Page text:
While some industries have been deeply disrupted by technology already, disruption in healthcare is just starting. Advanced technology and outside-in innovation have disrupted many industries, creating completely new business models, enhanced customer offerings, and transformed consumer experiences. Healthcare, however, is only at the very beginning of realizing the disruptive power of technology and innovation.
Healthcare organizations must evolve to be ready to survive disruption and benefit and thrive from innovation. But how can incumbents reinvent themselves to be "disruption-ready"? What are the characteristics of those well-prepared organizations that effortlessly embrace innovations and have the agility and flexibility to react quickly to change? How can healthcare executives, leaders, and influencers modernize and rejuvenate their mindset?
These questions were discussed at the 2017 Oliver Wyman Health Innovation Summit, where nearly 300 healthcare influencers convened over three days last November in Dallas for an in-depth exploration of forces disrupting the healthcare industry.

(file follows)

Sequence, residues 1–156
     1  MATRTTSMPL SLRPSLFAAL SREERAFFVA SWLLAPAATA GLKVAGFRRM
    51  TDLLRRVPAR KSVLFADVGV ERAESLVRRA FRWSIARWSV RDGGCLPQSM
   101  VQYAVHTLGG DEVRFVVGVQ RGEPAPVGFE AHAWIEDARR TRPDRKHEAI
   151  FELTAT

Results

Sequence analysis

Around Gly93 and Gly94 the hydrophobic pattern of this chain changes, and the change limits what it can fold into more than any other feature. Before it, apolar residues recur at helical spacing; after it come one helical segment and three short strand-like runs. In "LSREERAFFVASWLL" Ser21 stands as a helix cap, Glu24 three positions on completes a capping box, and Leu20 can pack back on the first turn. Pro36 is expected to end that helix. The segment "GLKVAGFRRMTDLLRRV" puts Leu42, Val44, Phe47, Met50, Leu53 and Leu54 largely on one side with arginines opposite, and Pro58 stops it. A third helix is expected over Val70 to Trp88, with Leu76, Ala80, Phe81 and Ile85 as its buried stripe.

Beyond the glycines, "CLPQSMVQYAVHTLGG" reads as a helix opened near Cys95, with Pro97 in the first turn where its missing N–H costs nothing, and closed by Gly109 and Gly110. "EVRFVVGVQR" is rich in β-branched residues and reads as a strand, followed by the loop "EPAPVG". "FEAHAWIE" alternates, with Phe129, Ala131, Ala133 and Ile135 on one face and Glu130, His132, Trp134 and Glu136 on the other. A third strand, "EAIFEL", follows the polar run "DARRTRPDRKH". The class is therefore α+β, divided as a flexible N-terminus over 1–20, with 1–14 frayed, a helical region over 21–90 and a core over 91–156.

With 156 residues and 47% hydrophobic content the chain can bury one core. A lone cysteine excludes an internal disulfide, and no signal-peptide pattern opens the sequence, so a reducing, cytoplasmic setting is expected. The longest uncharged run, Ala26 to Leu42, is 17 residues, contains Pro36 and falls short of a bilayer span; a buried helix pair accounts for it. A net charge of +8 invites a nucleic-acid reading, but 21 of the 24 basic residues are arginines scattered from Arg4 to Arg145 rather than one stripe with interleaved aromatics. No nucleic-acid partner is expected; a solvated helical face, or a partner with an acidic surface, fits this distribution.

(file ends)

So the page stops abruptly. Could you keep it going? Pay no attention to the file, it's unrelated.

One particular executive session our team led – Driving Success: Building a Disruption-Ready Organization – including panelists Marco Annunziata, former Chief Economist and Executive Director at Global Market Insights of General Electric, Rich Roth, Chief Strategic Innovation Officer at Dignity Health, and facilitated by Simon Holland, Oliver Wyman Partner and Head of Oliver Wyman’s North American Organizational Effectiveness practice, highlighted how one out-of-industry enterprise reinvented itself amidst rapid, transformative innovation.